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Movies Sci-Fi Television Entertainment

17 Years Later, A New Season Of MST3K Premiers On Netflix 84

Launched in 1988, Mystery Science Theater 3000 ran for ten seasons on Comedy Central and The Sci-Fi Channel, with its last episode airing in August of 1999. But now Slashdot reader #5844 ewhac writes: 17 years later, Season 11 of MST3K debuted Friday on Netflix. A full season has been produced, including a stretch-goal Christmas special, funded by the highest-earning Kickstarter Film & Video campaign to date ($5.76 million) -- thousands of contributors are listed in the show's end credits, spread across all fourteen episodes.

The show remains true to its low-budget roots, relying almost exclusively on models and practical effects, including a very inventive new door sequence. The backstory for the new season is very swiftly established in the opening to Experiment 1101, as Jonah Heston (played by co-producer Jonah Ray) is abducted by the evil mad scientist Kinga Forrester (Felicia Day) and her sidekick Max a/k/a TV's son of TV's Frank (Patton Oswalt). Together with Gypsy (Rebecca Hanson), Tom Servo (Baron Vaughn), and Crow (Hampton Yount), Jonah quips his way through a barrage of bad movies, including Reptilicus, Starcrash, The Loves of Hercules, and The Christmas That Almost Wasn't.

In 2008 MST3K's original creator Joel Hodgson answered questions from Slashdot's readers, and said he was fascinated by the popularity of Creative Commons licenses. "For most of the public domain titles that we've used, it's a matter of the garbage not being taken out. Basically, they forgot to apply for a copyright so it in fact lapsed into the public domain."

17 Years Later, A New Season Of MST3K Premiers On Netflix

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  • by Anonymous Coward

    It stinks!

  • by SolemnLord ( 775377 ) on Saturday April 15, 2017 @12:13PM (#54239987)

    I've watched the first three episodes so far, and the movie sequences are all pure Mystery Science Theater. Not legendary episodes (although holy crap, Cry Wilderness is bananas), but solid throughout.

    But the skits feel off. It's not the cast, they're fine off the bat and are finding a rhythm more and more. It's more that the show has more money now than it did before, and a larger crew to go with it. It takes away a lot of the DIY feel from the early episodes, but it doesn't really bring anything new to compensate. The skits feel really flat too, in the physical sense. Compare the "family" visit in 1102 with almost any skit set in Castle Forrester.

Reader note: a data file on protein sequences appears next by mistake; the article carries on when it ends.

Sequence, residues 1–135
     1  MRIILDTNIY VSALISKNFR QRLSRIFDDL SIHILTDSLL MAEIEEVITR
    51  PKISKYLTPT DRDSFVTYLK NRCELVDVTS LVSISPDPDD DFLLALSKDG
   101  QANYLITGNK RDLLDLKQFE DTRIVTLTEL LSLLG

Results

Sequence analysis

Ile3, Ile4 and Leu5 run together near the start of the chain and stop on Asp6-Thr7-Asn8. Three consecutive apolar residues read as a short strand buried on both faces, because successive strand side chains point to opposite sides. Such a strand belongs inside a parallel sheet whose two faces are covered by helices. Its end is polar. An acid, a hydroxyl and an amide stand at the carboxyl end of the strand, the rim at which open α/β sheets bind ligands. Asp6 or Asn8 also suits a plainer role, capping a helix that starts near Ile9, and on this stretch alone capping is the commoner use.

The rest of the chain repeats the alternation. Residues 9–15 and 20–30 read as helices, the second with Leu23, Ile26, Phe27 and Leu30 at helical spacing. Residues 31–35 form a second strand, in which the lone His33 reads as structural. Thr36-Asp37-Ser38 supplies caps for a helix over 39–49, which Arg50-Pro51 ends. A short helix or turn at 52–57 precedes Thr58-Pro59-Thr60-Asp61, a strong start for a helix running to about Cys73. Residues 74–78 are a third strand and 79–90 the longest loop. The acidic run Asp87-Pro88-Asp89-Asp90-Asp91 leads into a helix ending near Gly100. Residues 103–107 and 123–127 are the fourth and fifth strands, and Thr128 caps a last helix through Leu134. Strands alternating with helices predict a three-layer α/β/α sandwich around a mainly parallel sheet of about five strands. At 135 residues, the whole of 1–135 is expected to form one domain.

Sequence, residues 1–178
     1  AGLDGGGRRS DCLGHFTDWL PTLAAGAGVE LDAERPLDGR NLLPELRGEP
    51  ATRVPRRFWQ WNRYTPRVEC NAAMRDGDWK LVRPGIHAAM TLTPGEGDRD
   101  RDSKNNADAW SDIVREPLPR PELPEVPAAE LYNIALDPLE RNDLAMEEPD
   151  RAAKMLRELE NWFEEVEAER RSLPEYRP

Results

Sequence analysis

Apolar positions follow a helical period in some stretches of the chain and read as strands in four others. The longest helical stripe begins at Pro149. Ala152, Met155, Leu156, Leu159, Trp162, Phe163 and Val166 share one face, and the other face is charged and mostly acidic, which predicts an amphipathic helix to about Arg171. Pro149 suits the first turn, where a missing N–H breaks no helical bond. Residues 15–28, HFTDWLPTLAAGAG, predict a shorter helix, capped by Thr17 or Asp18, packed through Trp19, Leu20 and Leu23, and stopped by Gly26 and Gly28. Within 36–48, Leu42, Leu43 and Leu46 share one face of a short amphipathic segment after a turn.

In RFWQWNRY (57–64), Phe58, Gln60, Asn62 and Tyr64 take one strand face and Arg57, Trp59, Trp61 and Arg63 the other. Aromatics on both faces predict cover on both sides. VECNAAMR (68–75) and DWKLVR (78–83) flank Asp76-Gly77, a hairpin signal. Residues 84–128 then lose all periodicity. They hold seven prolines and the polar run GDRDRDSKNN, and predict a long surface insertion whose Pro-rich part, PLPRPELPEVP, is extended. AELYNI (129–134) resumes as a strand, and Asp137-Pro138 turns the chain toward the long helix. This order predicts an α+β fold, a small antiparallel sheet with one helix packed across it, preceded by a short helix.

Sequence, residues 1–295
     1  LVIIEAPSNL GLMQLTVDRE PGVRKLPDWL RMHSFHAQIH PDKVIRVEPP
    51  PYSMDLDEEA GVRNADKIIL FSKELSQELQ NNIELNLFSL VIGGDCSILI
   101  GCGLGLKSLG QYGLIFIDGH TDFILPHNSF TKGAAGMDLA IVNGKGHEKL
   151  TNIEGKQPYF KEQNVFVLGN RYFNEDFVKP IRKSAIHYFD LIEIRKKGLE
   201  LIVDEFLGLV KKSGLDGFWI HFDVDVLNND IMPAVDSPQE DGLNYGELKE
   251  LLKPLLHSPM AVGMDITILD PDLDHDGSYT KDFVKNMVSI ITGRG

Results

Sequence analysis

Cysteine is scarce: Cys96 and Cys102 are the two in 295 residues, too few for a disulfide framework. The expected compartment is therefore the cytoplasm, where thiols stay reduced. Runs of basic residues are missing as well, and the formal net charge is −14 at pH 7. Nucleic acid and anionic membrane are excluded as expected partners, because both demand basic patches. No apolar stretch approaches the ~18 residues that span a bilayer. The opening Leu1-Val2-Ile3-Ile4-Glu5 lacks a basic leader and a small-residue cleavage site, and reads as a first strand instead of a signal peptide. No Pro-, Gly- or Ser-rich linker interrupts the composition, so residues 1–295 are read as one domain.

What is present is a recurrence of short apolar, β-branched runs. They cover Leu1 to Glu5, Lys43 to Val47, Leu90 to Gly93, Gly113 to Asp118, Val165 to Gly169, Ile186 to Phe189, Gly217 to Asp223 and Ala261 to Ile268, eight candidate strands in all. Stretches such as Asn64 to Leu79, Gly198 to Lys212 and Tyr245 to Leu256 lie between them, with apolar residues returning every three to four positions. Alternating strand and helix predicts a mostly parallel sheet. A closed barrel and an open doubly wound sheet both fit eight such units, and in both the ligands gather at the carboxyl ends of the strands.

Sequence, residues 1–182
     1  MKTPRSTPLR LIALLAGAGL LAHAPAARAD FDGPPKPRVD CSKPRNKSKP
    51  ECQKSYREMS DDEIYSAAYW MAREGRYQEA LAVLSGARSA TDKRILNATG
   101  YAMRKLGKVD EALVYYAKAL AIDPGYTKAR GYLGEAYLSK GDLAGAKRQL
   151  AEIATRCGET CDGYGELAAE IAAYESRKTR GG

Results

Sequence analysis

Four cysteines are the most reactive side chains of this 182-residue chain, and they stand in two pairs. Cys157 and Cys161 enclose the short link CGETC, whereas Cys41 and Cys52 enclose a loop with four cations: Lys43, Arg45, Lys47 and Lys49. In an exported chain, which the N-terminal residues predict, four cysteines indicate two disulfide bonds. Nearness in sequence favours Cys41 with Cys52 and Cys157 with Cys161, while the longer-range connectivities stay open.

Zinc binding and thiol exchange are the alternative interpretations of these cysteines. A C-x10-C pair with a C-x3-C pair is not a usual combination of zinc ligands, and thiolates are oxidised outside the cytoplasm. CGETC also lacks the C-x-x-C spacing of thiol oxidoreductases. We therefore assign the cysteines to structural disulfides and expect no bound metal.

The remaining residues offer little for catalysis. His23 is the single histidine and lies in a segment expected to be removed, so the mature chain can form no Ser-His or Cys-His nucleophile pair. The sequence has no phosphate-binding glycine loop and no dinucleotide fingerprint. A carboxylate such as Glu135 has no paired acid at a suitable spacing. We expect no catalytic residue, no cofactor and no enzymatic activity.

Settling in, maybe? Here's hoping. It still feels like Mystery Science Theater 3000, and I'm happy about that.

    • by rworne ( 538610 )

      I felt the same way.

      Then again, I'm one of those old curmudgeons who felt the show "lost it" when Joel departed. Not that Mike's episodes were bad - they weren't, but I more personally connected with Joel's style on the show and missed it greatly. Who didn't go to the theater in the 70's and 80's and didn't appreciate this [slashdot.org]?

      On the newest series, the biggest shock was not the new host, but when Gypsy spoke. I don't know if that voice changed happened earlier in the older series (I never watched the SyFy run

      • by rworne ( 538610 )

        Wow. The link got totally mangled by the editor.

        Here's the original link [youtube.com] that was messed up. The old GCC Theater skit. I still laugh when I see it.

      • On the newest series, the biggest shock was not the new host, but when Gypsy spoke. I don't know if that voice changed happened earlier in the older series (I never watched the SyFy run), but when I did stop watching, Gypsy was still using that weird falsetto.

        That's new to this season. They brought in a new actor, Rebecca Hanson, to do the voice (and also be "Synthia" in the mads segments). I'm with you: it's very, very strange at first, especially with the new "from the ceiling" design. Hopefully we'll see more of the new Gypsy and they'll make the most of it.

        Also you should dig into the SyFy episodes. Seasons 8-10 have a ridiculous number of gems.

    • I never say MSTK epidoes in order. The entire backstory was always entirely confusing. Not that there was much backstory to start with, but for me it was almost irrelevant (except for the being who no longer had a need for physical bodies).

    • Rowsdowerrrrrrrrrrrrrrrrrrrrrrrr!!!!!!!!!!!

    • I don't get the sense that there's any animosity between them. In fact, Rifftrax has done a lot to help boost the new season of the show, including giving away Rifftrax videos to backers of the Kickstarter, and of course hosting a MST3K reunion show gathering together as many of the alumni who are still interested in doing riffs as they could get their hands on. I imagine that Rifftrax is enough of a full time job that they don't really have time to spare for the other stuff.

      I've also noticed that Rifftraxe

  • by Anonymous Coward

    Netflix is for Old People!

  • US Only it seems (Score:4, Insightful)